Lens Options


Consider a travel camera that allows you to swap out lenses so that you can take a variety of shots. However, this would be impossible if you want a compact camera as most models include fixed lenses. Thus, this only applies to DSLR and mirrorless cameras.

The experts over at recommend the following lenses:

  • Prime lens: This only comes with a single focal length, yet it has excellent focus and sharpness. Sigma 24mm f/1.4 or Nikon AF S NIKKOR 85mm f/1.8G are good for beginners.
  • Wide-angle lens: This type of lens is perfect for taking pictures of landscapes and cityscapes because it can take sharp images even with a low aperture range. Examples are Nikon 14-24mm f/2.8G and Sony 16-35mm f/2.8.
  • Telephoto lens: This one is suitable when you want to get greater details of your subject, and you can’t physically get closer. Great telephoto lenses include Tamron 18-400mm f/3.5-6.3 and Sony FE 70-200mm f/2.8.

Shutter Rating


Manufacturers conduct durability tests of cameras, including tests for shutter rating. Shutter count refers to the total number of times you press that button throughout the camera’s lifetime. Each time you press the shutter button, the shutter exposes the sensor to capture a picture.

  • Several entry-level DLSRs come with 100,000 shutter actuations, whereas high-end cameras can have up to 400,000 shutter counts.
  • Mirrorless cameras contain an electronic shutter, which turns the sensor on and off for every pixel.
  • Most point-and-shoot cameras don’t have a mirror, and consequently, a shutter rating.

Once you hit the shutter count, the shutter may break from continuous use. If it breaks, you won’t be able to take photos anymore.

Video Capabilities


About 85% of Americans watch videos online. If you want to create a travel vlog, you need a camera with a video feature. Most modern cameras have video capabilities, although the features and quality depend on the type and model of the camera.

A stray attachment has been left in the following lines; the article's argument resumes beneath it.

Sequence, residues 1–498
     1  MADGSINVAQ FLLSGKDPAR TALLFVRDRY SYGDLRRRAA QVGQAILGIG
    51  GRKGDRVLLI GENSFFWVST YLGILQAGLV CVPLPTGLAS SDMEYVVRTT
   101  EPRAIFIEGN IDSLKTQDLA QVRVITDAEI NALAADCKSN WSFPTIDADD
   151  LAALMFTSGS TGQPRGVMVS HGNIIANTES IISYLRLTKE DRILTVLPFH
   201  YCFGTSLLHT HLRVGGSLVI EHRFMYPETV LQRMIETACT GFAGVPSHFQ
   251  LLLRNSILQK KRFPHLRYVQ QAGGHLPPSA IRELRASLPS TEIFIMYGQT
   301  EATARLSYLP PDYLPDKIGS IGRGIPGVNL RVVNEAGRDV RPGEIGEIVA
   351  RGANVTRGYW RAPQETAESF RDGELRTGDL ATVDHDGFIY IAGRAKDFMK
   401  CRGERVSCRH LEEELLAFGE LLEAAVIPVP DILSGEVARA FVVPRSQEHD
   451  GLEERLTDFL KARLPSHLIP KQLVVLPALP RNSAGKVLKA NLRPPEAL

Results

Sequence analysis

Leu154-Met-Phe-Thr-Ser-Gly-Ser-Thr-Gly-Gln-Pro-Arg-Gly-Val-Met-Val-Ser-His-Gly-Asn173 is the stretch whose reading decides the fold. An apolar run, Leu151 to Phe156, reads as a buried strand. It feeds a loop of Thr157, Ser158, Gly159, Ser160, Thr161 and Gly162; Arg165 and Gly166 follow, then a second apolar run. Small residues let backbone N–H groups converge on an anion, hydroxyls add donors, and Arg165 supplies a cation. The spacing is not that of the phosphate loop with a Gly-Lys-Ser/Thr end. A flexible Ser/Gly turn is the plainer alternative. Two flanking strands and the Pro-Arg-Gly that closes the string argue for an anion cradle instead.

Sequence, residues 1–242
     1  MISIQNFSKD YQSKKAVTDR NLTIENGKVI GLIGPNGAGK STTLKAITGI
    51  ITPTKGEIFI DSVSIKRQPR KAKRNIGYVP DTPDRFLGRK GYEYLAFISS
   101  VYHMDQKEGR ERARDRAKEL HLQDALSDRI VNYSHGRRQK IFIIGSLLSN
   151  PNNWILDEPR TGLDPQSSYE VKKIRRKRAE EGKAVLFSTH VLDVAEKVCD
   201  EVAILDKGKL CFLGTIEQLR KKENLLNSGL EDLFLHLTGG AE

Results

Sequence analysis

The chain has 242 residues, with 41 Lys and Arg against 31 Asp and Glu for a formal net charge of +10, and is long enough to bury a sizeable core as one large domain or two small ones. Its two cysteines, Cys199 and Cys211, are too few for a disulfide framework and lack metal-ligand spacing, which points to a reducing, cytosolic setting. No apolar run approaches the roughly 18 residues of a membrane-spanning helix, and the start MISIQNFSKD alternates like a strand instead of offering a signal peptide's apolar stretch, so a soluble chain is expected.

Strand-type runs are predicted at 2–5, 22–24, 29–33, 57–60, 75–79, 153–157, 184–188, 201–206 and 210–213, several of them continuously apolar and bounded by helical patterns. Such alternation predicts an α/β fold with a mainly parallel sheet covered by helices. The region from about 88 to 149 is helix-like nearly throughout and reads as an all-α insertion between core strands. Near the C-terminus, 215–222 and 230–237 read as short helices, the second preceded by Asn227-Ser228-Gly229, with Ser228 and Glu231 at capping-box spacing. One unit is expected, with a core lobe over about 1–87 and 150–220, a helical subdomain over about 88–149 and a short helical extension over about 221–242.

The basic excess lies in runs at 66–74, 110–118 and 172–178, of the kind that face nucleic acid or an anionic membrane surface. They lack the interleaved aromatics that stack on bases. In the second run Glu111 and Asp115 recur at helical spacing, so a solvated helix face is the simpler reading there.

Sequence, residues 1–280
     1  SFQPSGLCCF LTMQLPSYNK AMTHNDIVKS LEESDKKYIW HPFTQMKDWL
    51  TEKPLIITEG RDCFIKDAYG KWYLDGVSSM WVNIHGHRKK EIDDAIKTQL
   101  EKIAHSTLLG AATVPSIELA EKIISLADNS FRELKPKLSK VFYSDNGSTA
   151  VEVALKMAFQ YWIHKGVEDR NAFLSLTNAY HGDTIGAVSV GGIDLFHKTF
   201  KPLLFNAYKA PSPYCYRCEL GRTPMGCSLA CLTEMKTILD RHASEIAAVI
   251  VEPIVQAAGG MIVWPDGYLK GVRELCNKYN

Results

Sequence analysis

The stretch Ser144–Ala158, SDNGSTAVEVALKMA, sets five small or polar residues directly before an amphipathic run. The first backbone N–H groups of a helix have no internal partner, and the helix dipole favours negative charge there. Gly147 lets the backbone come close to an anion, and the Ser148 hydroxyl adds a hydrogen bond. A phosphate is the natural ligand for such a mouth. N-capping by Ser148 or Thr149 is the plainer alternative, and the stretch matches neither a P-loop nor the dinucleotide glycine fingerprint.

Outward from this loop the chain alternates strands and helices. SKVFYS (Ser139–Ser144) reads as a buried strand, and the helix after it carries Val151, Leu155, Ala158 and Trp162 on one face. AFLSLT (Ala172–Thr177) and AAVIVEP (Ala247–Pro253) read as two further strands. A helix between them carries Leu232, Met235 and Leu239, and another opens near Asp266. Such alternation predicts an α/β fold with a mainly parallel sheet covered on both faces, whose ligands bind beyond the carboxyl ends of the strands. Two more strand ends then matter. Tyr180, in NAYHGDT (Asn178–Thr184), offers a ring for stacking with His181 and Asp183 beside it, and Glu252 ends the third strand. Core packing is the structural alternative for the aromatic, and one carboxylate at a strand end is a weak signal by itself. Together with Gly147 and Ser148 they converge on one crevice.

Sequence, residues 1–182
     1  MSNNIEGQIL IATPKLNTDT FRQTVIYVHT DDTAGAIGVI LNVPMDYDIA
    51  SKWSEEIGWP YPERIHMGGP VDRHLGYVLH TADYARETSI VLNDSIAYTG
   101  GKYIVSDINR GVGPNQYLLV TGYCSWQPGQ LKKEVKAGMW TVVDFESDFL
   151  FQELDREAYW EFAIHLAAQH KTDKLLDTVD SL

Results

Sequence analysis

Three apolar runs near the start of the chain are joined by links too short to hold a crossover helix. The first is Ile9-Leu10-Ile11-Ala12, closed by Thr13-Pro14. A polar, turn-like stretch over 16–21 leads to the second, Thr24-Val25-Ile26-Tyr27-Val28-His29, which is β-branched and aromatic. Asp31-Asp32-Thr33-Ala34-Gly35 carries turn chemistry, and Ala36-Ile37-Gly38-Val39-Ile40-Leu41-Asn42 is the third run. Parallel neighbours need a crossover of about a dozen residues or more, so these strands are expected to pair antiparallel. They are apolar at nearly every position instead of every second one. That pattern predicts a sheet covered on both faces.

If you want to document your travels with your face on the frame, cameras with flip and tilting screens would be ideal. While a video resolution of 1080p is a good starting point, check if your desired model can increase the video resolution up to 4K or 8K.

You can go with 24 to 30 frames per second for general travel. Meanwhile, a camera that can manage 60 frames per second will let you capture slow-motion clips.

Your Type of Travel


Even when knowing the season, travels can end up having unpredictable weather. Aside from that, your itinerary may include different kinds of activities. One moment you’re on top of a snow-packed mountain, then you’re headed to a rainforest the next time.

Hence, you’ll need a travel camera that can withstand elements to protect itself against moisture and dust. There are waterproof cameras that do well for underwater activities, while some have water-resistant capabilities to endure light rain.

Opt for a camera with a weather sealing feature. Additionally, make sure it has a durable strap so that you have extra support when you need your hands to grip rocks or trees.